Louis the Beloved got a lot less “beloved” by the people for going back on his deathbed promise to a priest. As the king lay deathly ill in the summer of 1744, he was refused absolution from his chaplain on the grounds of his open adultery. With little choice, Louis promised to give up his then-mistress, Marie-Anne de Mailly. When Louis recovered, he took it all back and re-embraced his lover.
To his embarrassment, the king’s confession had already been distributed amongst the people, letting everyone know he was a deathbed welcher and making the monarchy look really bad. Playing takesie-backies with your priest doesn’t play well with the people.
In March 1712—just one month after the death of their parents—both future Louis XV and his older brother, Louis the Duke of Brittany, contracted measles. Their heir, the elder Louis, was treated in the traditional way, i.e. with bleeding. His older brother ended up dying of both measles and blood loss complications. In contrast, Louis’s treatment was stopped just in time for him to survive and become his great-grandfather’s only legitimate heir.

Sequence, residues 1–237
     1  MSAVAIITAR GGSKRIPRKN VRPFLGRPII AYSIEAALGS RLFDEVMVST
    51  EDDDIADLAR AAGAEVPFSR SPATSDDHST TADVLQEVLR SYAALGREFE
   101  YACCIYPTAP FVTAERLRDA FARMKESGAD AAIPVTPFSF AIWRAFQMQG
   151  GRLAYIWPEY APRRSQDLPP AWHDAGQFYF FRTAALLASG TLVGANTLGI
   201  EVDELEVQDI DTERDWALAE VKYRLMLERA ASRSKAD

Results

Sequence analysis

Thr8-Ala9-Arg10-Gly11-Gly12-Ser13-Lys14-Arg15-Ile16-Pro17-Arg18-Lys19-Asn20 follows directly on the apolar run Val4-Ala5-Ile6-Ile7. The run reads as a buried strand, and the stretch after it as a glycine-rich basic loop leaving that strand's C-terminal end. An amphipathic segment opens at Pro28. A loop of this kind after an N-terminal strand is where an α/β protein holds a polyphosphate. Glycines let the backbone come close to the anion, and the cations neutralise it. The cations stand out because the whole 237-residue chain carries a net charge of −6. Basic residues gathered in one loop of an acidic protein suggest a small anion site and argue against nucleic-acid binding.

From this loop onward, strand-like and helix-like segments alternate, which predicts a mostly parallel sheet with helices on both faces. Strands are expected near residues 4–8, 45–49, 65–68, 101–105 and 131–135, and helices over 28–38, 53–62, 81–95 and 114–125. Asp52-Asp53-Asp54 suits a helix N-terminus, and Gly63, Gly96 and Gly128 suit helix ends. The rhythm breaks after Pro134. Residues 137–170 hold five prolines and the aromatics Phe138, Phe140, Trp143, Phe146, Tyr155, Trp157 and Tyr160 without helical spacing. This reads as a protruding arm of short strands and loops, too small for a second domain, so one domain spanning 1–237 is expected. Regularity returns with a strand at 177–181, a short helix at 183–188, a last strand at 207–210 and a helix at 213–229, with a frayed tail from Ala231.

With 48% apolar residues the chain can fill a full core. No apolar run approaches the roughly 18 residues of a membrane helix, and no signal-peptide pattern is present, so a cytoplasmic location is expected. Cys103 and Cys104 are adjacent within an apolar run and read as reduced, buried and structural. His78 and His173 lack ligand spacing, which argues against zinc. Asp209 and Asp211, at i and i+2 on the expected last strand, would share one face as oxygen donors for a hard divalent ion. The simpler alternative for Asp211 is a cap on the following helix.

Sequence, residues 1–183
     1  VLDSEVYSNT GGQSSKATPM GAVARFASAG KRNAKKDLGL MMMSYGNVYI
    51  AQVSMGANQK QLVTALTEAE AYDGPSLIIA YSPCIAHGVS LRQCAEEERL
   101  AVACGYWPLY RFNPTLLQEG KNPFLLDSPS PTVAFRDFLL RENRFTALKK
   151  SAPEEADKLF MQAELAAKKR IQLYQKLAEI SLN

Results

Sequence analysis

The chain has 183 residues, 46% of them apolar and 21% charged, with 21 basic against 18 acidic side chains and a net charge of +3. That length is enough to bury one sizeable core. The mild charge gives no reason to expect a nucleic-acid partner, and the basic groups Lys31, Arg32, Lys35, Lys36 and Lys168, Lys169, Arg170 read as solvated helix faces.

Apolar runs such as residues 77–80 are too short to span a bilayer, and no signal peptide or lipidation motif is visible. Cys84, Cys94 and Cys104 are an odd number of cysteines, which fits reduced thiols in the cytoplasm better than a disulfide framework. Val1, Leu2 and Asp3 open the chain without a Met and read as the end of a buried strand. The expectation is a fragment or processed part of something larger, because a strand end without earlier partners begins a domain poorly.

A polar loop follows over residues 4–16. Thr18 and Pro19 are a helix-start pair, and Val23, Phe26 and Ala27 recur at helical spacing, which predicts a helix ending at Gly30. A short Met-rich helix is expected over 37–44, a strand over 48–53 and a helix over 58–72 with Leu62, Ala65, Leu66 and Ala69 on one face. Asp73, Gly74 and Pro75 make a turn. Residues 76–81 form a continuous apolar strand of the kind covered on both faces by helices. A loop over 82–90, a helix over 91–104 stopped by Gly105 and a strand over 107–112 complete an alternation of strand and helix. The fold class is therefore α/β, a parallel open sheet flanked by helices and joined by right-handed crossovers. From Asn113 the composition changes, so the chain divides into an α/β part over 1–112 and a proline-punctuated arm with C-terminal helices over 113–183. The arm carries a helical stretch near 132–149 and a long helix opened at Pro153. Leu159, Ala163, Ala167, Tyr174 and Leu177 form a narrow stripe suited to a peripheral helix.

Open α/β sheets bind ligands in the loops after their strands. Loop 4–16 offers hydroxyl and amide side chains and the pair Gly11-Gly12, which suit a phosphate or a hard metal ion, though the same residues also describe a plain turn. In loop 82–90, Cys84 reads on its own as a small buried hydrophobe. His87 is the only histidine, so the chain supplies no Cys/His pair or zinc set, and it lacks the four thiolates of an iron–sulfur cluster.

Louis expressed some self-awareness with regards to his lack of leadership skills. He wrote in his will, “If I made errors, it was not from a lack of will, but from a lack of talents, and for not having been supported as I wished to have been, particularly in matters of religion."
For the wedding of his grandson to Marie Antoinette, King Louis XV constructed a legendary opera theater. It was equipped with state-of-the-art adjustable panels, which would make transforming the sets into a mere two-day process instead of starting from scratch every performance.
Smallpox ultimately killed the 64-year-old Louis. It’s said the diseased eruptions had left his face “a mask of bronze” by the time he passed away on May 10, 1774.
My mom never told me how her best friend died. Years later, I was using her phone when I made an utterly chilling discovery.
Madame de Pompadour was the alluring chief mistress of King Louis XV, but few people know her dark history—or the chilling secret shared by her and Louis.
I tried to get my ex-wife served with divorce papers. I knew that she was going to take it badly, but I had no idea about the insane lengths she would go to just to get revenge and mess with my life.
Catherine of Aragon is now infamous as King Henry VIII’s rejected queen—but few people know her even darker history.